AIB's new boss faces a grilling today over how his bank loaned over £700m (€774m) to a Greek tycoon who is charged in London with fraud, forgery and money laundering.
Colm Doherty faces questions over what checks were made on poker-playing Achilleas Kallakis, who called himself 'the Don', before the bank approved the loans for a string of plush London properties he bought.
The portfolio included buildings which housed the 'Daily Telegraph', parts of the Metropolitan Police, the UK Home Office's asylum processing centre and Orion House, the tallest building in London's Covent Garden.
Mr Doherty will make his first public appearance as AIB managing director this morning when he will have to unveil about €5.3bn of bad loan losses for 2009 and the bank's first ever annual loss.
AIB's UK corporate banking arm, which extended the loans, ended up booking a £56m loss on the loans in its 2008 accounts.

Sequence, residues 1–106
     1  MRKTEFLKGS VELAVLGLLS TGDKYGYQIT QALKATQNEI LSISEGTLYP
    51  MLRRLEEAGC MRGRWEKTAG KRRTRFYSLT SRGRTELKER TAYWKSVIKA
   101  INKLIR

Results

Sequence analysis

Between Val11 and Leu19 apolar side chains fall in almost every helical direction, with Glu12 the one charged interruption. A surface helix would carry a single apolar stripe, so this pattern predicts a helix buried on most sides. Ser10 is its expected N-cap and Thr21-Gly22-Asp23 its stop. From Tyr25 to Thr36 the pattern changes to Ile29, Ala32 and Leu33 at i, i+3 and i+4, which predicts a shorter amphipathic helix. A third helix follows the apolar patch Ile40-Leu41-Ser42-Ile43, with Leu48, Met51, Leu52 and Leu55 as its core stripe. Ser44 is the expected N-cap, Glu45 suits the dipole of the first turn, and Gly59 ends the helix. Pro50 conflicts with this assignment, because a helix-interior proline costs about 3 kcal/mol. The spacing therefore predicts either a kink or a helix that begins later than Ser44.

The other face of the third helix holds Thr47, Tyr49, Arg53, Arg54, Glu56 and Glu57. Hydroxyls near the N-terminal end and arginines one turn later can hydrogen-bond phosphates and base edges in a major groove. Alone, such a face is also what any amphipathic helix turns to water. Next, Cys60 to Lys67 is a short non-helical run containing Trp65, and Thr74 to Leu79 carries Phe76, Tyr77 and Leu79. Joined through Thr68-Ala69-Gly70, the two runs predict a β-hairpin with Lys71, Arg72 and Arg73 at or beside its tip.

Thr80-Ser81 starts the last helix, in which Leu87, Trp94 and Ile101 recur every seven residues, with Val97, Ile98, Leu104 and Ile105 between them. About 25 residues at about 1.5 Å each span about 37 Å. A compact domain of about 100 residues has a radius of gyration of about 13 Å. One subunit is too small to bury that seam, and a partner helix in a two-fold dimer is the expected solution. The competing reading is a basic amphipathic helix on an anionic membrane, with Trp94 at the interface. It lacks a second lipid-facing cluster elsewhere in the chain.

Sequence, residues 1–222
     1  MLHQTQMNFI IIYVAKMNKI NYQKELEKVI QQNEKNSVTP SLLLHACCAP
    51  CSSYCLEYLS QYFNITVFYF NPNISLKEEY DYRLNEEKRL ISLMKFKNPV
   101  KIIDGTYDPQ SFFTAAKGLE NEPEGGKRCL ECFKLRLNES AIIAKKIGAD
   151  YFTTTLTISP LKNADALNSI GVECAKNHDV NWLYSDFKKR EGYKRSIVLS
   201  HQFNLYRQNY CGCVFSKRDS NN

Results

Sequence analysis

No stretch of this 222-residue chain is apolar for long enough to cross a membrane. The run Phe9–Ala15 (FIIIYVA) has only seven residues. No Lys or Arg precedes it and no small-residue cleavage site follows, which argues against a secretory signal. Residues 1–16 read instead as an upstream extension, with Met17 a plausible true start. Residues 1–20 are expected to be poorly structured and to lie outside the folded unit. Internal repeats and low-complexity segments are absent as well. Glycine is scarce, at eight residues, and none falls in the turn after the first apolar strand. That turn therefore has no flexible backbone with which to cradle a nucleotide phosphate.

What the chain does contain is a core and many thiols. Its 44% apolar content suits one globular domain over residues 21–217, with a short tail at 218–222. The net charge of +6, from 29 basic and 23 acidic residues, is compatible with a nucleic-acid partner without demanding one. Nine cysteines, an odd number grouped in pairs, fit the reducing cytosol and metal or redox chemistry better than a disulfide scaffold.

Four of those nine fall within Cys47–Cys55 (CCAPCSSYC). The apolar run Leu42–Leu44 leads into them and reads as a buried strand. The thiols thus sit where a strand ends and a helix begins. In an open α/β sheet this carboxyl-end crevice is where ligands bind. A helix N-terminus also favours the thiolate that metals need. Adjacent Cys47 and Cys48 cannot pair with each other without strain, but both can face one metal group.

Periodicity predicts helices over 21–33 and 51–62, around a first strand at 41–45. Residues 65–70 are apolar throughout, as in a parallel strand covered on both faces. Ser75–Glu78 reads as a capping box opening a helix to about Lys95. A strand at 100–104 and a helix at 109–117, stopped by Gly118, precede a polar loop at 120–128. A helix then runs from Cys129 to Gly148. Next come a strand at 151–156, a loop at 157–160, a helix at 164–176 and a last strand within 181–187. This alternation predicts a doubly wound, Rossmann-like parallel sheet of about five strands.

That loss was recorded after the bank seized the properties and sold them on to Dublin-based Green Properties.
Mr Doherty was ultimately in charge of the corporate banking business that extended the loans between 2003 and 2007, as then-head of AIB's capital markets division.
Mr Kallakis and Alexander Williams were each charged yesterday at the City of London Magistrates' Court with two counts of conspiracy to defraud, 13 counts of forgery, five counts of fraud by false representation, two counts of money laundering and one count of obtaining a money transfer by deception.
It stands as one of the largest such property cases ever investigated by Britain's Serious Fraud Office (SFO).
During 2008, AIB became aware of problems with an element of its security interests in the so-called Kallakis portfolio. However, news of the alleged scam only broke the following March, when it emerged that the SFO had launched an investigation into it.
The probe centred around claims that money had been borrowed, based on fraudulent documents showing leases to tenants in the properties had higher rents and were signed for longer periods than actually was the case.
AIB boss faces quiz over €774m loan to tycoon - Irish, Business - Independent.ie
What in God's name were these people thinking......or were they tipping on head shop stuff????